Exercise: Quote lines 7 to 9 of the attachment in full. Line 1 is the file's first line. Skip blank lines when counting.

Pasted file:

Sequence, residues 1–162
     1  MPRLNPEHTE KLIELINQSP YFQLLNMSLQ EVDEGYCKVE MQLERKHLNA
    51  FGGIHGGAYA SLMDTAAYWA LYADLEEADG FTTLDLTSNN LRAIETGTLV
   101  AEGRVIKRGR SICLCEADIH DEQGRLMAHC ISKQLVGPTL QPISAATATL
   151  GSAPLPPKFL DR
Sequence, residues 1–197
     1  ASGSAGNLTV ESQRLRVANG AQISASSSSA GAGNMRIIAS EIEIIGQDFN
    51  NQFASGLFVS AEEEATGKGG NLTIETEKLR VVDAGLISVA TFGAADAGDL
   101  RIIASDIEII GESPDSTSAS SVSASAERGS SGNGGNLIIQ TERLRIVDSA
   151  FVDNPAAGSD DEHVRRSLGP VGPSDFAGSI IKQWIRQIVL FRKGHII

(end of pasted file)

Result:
     1  ASGSAGNLTV ESQRLRVANG AQISASSSSA GAGNMRIIAS EIEIIGQDFN
    51  NQFASGLFVS AEEEATGKGG NLTIETEKLR VVDAGLISVA TFGAADAGDL
   101  RIIASDIEII GESPDSTSAS SVSASAERGS SGNGGNLIIQ TERLRIVDSA